Pesticides can harm honey bees both directly and indirectly. While exposure to some chemicals can kill them, some pesticides are absorbed by the plant. When the honey bee collects the pollen or nectar, it passes that chemical to its colony.


Sometimes, honey bee colonies come under the threat of viruses and parasites. One particular threat is an external parasitic mite called “Varroa destructor.” These parasites attach to bees’ bodies and use special digestive enzymes to break them down and eat them. They are considered the most devastating threat to western honey bee populations.

Honey bee colonies are under threat due to viruses, parasites, and climate change
Honey bee colonies are under threat due to viruses, parasites, and climate change

How to Help Save the Bees

As individuals that come together, we have the power to make significant changes that can allow us to live more harmoniously with the world around us and improve our quality of life. And getting involved doesn’t mean you have to be a beekeeper, there are plenty of other ways to create a more bee-friendly environment.


Plant A Bee Garden

One of the biggest threats to bees is poor nutrition and access to nectar and pollen. By including some honey bee favorites, like meadow flowers, lilacs, carnations, lilies, and so many more.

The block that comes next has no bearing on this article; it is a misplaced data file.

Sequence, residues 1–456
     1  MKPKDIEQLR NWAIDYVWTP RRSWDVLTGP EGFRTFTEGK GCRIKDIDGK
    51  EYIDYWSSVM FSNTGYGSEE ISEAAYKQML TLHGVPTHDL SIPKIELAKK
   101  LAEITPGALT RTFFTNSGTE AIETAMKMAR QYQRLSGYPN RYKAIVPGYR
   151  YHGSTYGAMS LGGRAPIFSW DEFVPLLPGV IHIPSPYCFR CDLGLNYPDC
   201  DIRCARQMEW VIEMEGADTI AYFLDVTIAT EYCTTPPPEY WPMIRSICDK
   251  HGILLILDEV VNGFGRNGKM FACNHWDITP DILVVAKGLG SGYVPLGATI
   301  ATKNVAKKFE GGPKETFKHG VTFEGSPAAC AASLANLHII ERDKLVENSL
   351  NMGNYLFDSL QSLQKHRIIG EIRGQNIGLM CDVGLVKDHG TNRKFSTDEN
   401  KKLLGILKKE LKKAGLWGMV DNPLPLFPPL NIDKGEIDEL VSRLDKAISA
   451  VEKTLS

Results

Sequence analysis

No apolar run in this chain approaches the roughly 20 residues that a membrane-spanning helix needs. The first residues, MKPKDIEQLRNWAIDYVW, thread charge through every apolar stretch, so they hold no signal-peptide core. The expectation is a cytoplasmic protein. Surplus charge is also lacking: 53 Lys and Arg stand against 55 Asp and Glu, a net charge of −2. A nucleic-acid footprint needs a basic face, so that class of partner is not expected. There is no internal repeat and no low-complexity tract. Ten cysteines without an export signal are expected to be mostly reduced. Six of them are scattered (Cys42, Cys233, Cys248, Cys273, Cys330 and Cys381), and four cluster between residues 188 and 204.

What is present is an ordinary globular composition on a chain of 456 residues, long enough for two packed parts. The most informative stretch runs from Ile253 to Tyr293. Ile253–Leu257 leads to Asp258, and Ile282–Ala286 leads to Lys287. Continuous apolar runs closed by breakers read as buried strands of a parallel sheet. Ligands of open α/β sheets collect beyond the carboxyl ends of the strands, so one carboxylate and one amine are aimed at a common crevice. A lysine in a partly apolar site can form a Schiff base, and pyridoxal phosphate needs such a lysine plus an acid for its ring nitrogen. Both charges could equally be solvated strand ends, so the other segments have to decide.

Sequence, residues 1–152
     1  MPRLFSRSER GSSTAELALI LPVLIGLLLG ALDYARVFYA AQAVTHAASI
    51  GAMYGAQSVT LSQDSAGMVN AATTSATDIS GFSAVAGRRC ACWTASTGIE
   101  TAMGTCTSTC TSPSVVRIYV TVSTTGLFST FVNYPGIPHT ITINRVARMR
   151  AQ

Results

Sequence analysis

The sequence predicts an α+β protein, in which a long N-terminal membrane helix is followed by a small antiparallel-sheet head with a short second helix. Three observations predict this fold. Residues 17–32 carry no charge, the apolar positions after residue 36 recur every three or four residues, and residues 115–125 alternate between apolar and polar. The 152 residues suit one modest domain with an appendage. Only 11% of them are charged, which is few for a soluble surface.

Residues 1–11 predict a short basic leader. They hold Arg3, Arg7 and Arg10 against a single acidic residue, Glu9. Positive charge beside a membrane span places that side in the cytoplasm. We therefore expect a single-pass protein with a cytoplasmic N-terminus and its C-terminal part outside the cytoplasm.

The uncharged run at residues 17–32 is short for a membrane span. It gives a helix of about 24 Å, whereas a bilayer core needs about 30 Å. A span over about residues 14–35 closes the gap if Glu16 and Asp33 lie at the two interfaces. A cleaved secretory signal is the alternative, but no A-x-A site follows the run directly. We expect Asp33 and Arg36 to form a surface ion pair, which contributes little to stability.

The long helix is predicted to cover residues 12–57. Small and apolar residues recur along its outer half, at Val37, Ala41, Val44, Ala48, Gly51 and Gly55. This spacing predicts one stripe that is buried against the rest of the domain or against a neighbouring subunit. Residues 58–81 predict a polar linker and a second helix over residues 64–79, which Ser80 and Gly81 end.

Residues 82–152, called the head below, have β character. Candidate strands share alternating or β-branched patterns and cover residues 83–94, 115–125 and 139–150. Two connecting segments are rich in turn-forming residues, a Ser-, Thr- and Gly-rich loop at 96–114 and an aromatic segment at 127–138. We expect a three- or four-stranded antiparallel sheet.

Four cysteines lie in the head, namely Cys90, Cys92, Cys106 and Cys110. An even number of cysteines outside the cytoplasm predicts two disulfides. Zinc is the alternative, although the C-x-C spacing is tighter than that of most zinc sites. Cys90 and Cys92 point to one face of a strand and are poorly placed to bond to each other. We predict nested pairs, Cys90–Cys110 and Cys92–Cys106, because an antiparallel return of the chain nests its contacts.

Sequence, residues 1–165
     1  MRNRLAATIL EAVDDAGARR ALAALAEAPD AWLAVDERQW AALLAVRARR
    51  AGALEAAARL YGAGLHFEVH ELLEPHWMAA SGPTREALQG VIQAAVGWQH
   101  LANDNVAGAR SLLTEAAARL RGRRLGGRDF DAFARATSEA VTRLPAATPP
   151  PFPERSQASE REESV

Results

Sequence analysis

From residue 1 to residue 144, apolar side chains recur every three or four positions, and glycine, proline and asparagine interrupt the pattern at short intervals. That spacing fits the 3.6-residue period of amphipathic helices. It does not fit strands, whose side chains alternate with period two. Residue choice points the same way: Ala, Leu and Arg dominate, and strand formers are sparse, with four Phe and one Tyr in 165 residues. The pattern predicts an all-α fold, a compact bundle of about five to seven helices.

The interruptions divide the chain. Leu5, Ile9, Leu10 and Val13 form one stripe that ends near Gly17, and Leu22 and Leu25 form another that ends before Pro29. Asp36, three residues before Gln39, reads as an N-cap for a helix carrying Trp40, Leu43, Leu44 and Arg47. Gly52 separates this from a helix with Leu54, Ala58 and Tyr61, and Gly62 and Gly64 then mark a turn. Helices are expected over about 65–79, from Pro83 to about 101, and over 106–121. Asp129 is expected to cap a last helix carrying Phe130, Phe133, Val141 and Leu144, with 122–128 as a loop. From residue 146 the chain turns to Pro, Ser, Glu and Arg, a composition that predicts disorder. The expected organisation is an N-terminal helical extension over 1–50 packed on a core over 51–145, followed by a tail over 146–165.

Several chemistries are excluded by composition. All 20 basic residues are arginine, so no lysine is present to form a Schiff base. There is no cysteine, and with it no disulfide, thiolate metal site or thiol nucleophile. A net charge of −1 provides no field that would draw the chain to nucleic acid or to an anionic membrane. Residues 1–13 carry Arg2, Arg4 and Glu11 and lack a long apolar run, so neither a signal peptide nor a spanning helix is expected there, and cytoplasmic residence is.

This makes it easier for colonies to find safe and nutritious food sources.

Add more trees to your property – Honey bees actually get a majority of nectar from trees, but they also help provide nesting materials and shelters. Popular options include maple, chestnut, and fruit trees.


Set Up A Bee Bath

Bees are hard at work all day gathering nectar and pollinating plants. In extreme heat, they can tire easily and can benefit from a quick drink and cool down in a birdbath or shallow pool.


Go Chemical-Free

Honey bees can carry harmful chemicals back to their colonies, which affects the health of the whole family. Try relying on safer, more natural options for pest control.


Saving honey bees is a global movement and data helps us better understand the current threat and what we can do to stop it. Reporting information and pictures about native honey bees helps us identify opportunities to help them!

Saving honey bees is a global movement
Saving honey bees is a global movement

Not everyone has the land or space for creating bee gardens or planting trees, but you can still get involved. Organizations like HoneyLove, the American Beekeeping Federation, The Bee Conservancy, and more, are always looking for donations and volunteers to help save the bees.


At Pedacitos Traveler Community, we believe we have the power to accomplish greatness when we do it together. We encourage you to spread the word about honey bees; because saving the bees helps us protect our planet.


Resources:

 

Want to know more? Are you interested in becoming a contributor for Pedacitos? We'd love to hear your stories! Send me a message and I will get back to you!